They don't know Jack
Updated: Nov 20
We -- John Witty and I -- went so far as to consider a revised edition to include the more complete understanding of what a little-known Texas lawman contributed to gunleather history. He was Jack Donihoo, a Dallas copper who measured the distance from his pile of brass from his G.I. 1911 to the bodies of his felony escapees to complete his reports.
His holster is actually best known as the Bianchi No. 2, which JB credits himself for creating from an eyeglass case. Instead it was Jack Donihoo who created it and he spent more than a decade of his career playing Johnny Appleseed with his design. I have much better images of the Bianchi but this one is its first appearance in JB's catalog; 1962.
At its simplest it could be considered a Threepersons for the automatic. That's not literally true because there really was a Threepersons by Myres that was for the automatic and it was very different; instead Sam Myres' version was like its true competitor in that time, the early Brill for the 1911.
And most makers of the Donihoo holster -- and there have been many that I will list here -- didn't understand what he had accomplished and so left out the second row of stitching at the welted seam. That second row is what created the clamping action of a true Threepersons. So men like JB who made it with just the one row, and like Perkins who started well with two rows and then abandoned them for a single row, simply didn't understand the mechanics of what made a strapless scabbard perform to grip the 1911 but release it with a firm tug on the handle.
This one is by a fellow TX LEO named Becknell; it is very 'Brillallike' because unlike all other Donihoos it has a fender behind it. But at first glance one thinks it's a Bianchi No. 2:
That is, just 'riding high and exposing the trigger guard' is not a Threepersons in function. A Threepersons is better defined as riding as high as possible ON THE BELT -- no fair to say it otherwise when it was Tom himself who simply pushed his holster and gunbelt very low on his hips! -- with the front face of the trigger guard resting on a substantial welted seam that also gripped the frame. We won't be able to add 'with the pistol pitched forward' because we have Tom's original holster and it sets a bit low on the belt and is virtually straight up and down. This is an add for 'Booger Reds', a line of rodeo clothing that had been promoted by Booger himself and then by Tom after Booger's death in 1924. Endorsing such products including Myres holsters and selling his story to dime novelists who saw no harm in embellishing the truth, was how Tom and Lorene made their living. That revolver he's holding is in a private collection today, as is his Winchester; and the holster for the Colt is being reunited with it as we speak.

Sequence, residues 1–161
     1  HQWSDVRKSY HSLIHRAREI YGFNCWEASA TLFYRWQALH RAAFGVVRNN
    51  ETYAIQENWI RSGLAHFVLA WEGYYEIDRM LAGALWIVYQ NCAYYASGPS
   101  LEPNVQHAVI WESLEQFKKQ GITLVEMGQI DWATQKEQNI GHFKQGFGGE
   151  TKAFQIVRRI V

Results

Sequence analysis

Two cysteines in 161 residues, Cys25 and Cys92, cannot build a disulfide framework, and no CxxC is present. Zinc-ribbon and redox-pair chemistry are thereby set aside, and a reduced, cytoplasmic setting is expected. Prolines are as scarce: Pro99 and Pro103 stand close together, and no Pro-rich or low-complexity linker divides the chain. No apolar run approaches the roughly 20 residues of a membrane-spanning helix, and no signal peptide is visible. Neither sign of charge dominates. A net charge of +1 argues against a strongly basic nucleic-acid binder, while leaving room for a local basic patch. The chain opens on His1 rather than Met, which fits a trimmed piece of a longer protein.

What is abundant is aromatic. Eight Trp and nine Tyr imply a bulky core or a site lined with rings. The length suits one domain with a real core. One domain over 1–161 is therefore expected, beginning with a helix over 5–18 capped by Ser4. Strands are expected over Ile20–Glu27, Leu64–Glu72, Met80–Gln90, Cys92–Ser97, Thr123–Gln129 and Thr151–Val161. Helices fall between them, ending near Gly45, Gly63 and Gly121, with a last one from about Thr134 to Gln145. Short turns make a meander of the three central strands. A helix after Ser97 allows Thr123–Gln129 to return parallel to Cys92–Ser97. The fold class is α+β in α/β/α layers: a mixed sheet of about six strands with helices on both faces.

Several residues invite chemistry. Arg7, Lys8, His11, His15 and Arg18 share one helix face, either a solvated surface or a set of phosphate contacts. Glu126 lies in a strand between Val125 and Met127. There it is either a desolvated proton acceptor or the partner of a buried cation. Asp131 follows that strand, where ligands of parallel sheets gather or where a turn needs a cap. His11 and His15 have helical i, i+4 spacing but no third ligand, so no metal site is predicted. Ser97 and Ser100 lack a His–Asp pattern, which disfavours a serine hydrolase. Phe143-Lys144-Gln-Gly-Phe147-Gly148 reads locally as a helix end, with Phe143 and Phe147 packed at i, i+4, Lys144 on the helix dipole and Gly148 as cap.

Back to Jack. Jack was fresh from the U.S. forces fighting in the Pacific during WW2 when he almost literally walked out of the service (Army? Marines?) with his 1911 into Dallas P.D. Of course he began as a patrolman and then he became a detective quite quickly. He even worked the crime scene of the JFK assassination in '63. Who else carried a 1911 on duty besides the Texas Rangers (whose original mission was almost entirely to protect the cattle of the King Ranch vs acting as a law enforcement agency for the State and its border)? Did he carry in condition one? Sure hope he did, early and often and before Jeff Cooper staked his reputation on that carry by the 1960s. We absolutely know that the Rangers, such as Lone Wolf, did so. This image of Lone Wolf looks like a Donihoo but look closer -- it's the Myres with the full hoop of the trigger guard enclosed; too early to be a Donihoo: